Suillellus queletii: The Ultimate Mushroom Guide
About The Suillellus queletii Mushroom
Suillellus queletii (formerly Boletus queletii) is an edible mushroom in the genus Suillellus. The cap is hemispherical, latter flattening out, appearing olive to reddish-brown, rarely also dark red. The flesh is yellow, turning blue when cut. The pores are initially yellow, soon become orange, and finally can be reddish. The stipe is smooth and golden yellow and the flesh has a slightly acrid taste.
Said to be edible if thoroughly cooked, but we consider it too unusual a find to justify picking for the pot.
Other names: Deceiving Bolete.
Suillellus queletii Identification
Deceiving Bolete caps range from 6 to 18cm across, broadly convex and eventually almost flattening; yellowish-orange, apricot-orange or reddish-orange and occasionally even deeper red; surface dry and minutely pruinose at first, becoming smoother with age; bruising blue-black.
Tubes and Pores
The tubes, which are ochre and turn blue when cut and exposed to air, terminate in distinctive peach to apricot-orange pores.
Stems of Suillellus queletii are solid rather than hollow, cylindrica or slightloy clavate, or more often tapered and rooting; 4 to 8cm long and 4 to 8mm in diameter, yellow at the apex, and progressively deeper red towards the base, the surface usually punctate/granular but sometimes a very faint reticule is present.
In the upper half of the stem, the stem flesh is a pale yellow, bruising blue, which the flesh in the lower half of the stem is a deep vinaceous red - almost beetroot red-purple.
This feature helps to distinguish Suillellus queletii from the otherwise rather similar Scarletina Bolete Neoboletus luridiformis (syn. Boletus erythropus) whose stem flesh is nearly always yellow with little or no hint of red.
Subfusiform to ellipsoidal, smooth; 9-14 x 4.5-7µm (unusually short and fat for a Boletus species); Q = 1.5-2.5.
Odor and Taste
Habitat & Ecological Role
Suillellus queletii is an ectomycorrhizal fungus; it is usually found growing on alkaline soil beneath hardwood trees, notably oaks but also beech and limes; in mainland Europe, this bolete has also been recorded with birches.
Suillellus queletii Look-Alikes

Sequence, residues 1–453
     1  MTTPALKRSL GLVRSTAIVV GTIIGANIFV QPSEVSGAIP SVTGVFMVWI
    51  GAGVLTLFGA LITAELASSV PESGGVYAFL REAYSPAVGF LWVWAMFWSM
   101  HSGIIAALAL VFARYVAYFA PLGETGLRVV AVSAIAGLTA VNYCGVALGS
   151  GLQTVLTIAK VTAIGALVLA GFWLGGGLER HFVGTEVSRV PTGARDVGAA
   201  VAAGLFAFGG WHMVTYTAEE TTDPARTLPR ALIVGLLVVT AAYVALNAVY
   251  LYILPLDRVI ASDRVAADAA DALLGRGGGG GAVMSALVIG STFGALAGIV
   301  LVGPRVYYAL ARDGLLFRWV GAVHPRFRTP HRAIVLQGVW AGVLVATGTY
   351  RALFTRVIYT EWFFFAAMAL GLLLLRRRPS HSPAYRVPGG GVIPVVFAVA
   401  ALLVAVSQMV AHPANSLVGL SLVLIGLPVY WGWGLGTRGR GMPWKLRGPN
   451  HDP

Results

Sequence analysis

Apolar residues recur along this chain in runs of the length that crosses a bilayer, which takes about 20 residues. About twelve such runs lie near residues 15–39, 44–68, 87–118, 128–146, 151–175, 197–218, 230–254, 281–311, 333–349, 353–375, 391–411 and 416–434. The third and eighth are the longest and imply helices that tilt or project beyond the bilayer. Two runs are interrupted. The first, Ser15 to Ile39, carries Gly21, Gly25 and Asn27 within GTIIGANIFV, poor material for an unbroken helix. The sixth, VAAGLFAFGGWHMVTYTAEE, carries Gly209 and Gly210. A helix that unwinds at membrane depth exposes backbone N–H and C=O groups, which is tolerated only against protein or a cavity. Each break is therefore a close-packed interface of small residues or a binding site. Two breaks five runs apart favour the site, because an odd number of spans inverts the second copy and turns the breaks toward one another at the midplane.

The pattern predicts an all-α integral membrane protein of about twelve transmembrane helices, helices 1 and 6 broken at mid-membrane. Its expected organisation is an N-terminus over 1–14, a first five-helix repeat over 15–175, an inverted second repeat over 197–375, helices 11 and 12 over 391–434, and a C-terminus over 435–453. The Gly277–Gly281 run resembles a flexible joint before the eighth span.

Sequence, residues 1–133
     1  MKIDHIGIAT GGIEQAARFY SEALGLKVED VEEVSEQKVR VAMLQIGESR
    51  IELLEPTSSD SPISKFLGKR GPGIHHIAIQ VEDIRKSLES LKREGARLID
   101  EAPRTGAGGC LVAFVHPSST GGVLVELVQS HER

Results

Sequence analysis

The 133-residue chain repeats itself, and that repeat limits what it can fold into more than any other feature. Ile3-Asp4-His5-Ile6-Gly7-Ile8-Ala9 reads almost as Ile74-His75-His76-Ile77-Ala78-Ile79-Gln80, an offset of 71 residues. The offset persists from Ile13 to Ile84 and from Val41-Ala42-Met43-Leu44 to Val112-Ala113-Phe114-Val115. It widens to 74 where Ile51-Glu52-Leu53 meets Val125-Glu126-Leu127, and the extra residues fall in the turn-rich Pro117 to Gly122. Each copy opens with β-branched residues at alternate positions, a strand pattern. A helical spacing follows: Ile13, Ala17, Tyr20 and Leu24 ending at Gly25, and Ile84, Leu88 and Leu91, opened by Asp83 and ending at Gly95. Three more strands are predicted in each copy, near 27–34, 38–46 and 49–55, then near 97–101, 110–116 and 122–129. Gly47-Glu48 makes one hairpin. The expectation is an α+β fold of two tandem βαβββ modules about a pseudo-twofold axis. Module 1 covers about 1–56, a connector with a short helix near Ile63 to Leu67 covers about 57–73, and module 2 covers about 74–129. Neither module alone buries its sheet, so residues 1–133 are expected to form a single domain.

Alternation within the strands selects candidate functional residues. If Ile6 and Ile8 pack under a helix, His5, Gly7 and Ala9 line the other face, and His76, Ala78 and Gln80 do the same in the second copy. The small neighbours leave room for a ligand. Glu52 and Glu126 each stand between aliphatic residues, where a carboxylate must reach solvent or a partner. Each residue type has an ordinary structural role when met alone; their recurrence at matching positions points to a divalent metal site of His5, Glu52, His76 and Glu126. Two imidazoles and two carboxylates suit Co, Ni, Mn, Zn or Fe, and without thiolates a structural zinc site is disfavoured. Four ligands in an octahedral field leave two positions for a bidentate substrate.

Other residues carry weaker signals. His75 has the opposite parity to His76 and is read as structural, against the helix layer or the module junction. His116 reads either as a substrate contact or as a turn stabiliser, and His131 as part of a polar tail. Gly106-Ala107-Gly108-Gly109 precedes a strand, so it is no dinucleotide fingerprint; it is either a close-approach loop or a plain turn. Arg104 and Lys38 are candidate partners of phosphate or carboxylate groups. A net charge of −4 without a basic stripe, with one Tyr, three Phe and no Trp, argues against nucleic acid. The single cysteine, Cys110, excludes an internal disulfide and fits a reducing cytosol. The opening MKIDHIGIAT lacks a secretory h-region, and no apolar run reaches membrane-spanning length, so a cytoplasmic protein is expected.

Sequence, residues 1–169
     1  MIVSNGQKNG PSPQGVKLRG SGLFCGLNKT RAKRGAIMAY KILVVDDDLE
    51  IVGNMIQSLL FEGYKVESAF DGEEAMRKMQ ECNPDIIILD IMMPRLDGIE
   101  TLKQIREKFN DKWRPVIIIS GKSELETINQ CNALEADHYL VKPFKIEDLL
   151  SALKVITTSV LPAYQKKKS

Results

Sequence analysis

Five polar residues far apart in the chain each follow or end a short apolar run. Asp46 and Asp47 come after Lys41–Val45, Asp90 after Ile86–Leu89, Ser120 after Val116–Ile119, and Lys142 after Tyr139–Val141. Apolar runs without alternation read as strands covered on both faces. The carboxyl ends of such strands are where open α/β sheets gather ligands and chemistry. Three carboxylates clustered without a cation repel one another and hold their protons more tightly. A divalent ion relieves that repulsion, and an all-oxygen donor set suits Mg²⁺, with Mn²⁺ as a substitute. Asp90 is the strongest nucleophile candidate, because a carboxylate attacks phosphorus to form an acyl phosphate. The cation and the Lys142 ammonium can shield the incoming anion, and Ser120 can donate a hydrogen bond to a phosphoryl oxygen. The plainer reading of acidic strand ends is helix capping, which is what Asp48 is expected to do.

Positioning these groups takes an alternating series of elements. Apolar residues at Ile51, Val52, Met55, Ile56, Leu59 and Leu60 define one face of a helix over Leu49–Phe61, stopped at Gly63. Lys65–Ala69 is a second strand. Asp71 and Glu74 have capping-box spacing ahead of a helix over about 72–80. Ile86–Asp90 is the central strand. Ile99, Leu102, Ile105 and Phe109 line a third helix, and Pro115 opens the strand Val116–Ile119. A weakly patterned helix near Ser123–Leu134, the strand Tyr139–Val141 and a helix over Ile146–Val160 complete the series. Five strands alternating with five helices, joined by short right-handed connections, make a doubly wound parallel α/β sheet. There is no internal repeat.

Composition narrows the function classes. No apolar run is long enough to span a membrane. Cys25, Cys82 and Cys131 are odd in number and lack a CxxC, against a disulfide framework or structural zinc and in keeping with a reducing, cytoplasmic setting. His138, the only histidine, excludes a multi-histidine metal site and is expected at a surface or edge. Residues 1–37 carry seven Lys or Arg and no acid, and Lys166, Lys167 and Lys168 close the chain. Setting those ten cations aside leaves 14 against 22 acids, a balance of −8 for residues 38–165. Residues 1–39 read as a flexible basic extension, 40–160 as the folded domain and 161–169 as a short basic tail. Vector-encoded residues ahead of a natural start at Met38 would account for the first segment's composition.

The Lurid Bolete has a distinctive network on the stem, making it look like a net.
The Scarletina Bolete has red dots all over the stem which the Deceiving Bolete lacks, it also does not have the beetroot color in the base of the stem flesh.
Has generally yellow stem flesh (and larger spores).
Suillellus queletii Taxonomy & Etymology
Suillellus queletii was given the name Boletus queletii in 1885 by Austro-Hungarian mycologist Stephan Schulzer von Müggenburg (1802 - 1892). In 2004, based on recent DNA analysis, Italian mycologists Vizzini, Simonini & Gelardi transferred this species to the new genus Suillellus, establishing the scientific name Suillellus queletii.
In 1796 Christiaan Hendrik Persoon described a type of bolete under the name Boletus erythropus and in the next 200 years the same name was widely used for a well-known species having red pores. But recently it was discovered that Persoon's mushroom had orange pores, that usage of the name B. erythropus was invalid, and now the red-pored species (after a separate change to the genus too) has to be called Neoboletus luridiformis). It is best not to use the ambiguous name Boletus erythropus anymore, but according to Funga Nordica the fungus described by Persoon was Suillellus queletii.
Synonyms of Suillellus queletii Schulzer include Boletus lateritius Bres. & R. Schulz, Suillellus queletii var. rubicundus Maire, and Suillellus queletii var. lateritius (Bres. & R. Schulz) E.-J. Gilbert.
The generic name Boletus comes from the Greek bolos, meaning 'lump of clay', while the new genus name Suillellus may perhaps imply a relationship with the genus 'Suillus' - Suillus means of pigs (swine) and is a reference to the greasy nature of the caps of fungi in that genus.
The specific epithet queletii is in honor of famous nineteenth-century French mycologist Lucien Quélet.
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